Cognitive ability in early adulthood and risk of 5 specific psychiatric disorders in middle age: the Vietnam experience study.
CONTEXT:Lower cognitive ability is a risk factor for some forms of psychopathology, but much of the evidence for risk is based on individuals who required specialist care. It is unclear whether lower ability influences the risk of particular patterns of comorbidity. OBJECTIVE:To examine the relation between premorbid cognitive ability in early adulthood and the risk of major depression, generalized anxiety disorder (GAD), posttraumatic stress disorder (PTSD), alcohol and other drug abuse or dependence, and comorbid forms of these conditions in midlife. DESIGN:Prospective cohort study in which cognitive ability was measured on enlistment into military service at a mean age of 20.4 years and psychiatric disorder was assessed by structured diagnostic interview at a mean age of 38.3 years. SETTING:The United States. PARTICIPANTS:A total of 3258 male veterans, participants in the Vietnam Experience Study. MAIN OUTCOME MEASURES:Major depression, GAD, PTSD, and alcohol or other drug abuse or dependence since enlistment and currently, diagnosed according to the DSM-III. RESULTS:Lower cognitive ability was associated with an increased risk of depression, GAD, alcohol abuse or dependence, and PTSD and with some patterns of comorbidity. For a 1-SD decrease in cognitive ability, unadjusted odds ratios (95% confidence interval) for having these disorders currently were 1.32 (1.12-1.56) for depression, 1.43 (1.27-1.64) for GAD, 1.20 (1.08-1.35) for alcohol abuse or dependence, 1.39 (1.18-1.67) for PTSD, 2.50 (1.41-4.55) for PTSD plus GAD, 2.17 (1.47-3.22) for PTSD plus GAD plus depression, and 2.77 (1.12-6.66) for all 4 disorders. Most associations remained statistically significant after adjustment for confounders. CONCLUSIONS:Lower cognitive ability is a risk factor for several specific psychiatric disorders, including some forms of comorbidity. Understanding the mechanisms whereby ability is linked to individual patterns of psychopathology may inform intervention.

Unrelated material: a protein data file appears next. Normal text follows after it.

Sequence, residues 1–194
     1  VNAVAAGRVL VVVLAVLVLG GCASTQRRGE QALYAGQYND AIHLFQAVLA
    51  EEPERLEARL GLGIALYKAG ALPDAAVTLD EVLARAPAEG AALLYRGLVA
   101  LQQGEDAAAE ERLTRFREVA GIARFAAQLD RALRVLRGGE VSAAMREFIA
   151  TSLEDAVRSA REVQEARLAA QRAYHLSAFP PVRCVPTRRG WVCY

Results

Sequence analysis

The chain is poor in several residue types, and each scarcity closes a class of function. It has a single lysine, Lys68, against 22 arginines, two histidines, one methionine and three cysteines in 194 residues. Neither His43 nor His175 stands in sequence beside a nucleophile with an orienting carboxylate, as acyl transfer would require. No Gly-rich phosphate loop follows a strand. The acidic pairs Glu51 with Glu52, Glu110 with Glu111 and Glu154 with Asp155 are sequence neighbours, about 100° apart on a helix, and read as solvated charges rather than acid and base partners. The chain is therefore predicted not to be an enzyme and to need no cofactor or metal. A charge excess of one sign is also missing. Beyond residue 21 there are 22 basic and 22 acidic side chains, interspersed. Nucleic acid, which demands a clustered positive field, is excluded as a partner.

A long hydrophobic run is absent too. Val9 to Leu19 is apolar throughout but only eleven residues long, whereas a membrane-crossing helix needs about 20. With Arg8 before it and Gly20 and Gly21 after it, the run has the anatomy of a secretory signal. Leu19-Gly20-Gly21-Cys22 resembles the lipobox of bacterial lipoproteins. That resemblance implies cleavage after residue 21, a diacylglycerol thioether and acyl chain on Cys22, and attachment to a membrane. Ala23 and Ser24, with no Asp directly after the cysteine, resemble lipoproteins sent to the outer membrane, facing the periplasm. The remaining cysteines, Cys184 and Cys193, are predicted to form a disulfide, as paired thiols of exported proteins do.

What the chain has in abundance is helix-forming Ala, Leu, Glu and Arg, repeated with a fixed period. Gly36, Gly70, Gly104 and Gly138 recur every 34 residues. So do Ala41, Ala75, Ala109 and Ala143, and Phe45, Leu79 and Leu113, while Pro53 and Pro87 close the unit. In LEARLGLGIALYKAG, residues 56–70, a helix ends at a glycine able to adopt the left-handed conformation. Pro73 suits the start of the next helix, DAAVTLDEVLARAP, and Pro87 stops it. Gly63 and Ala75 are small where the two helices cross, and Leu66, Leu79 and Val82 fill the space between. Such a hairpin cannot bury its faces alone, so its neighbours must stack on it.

Gale, CR; Deary, IJ; Boyle, SH; Barefoot, J; Mortensen, LH; Batty, GD
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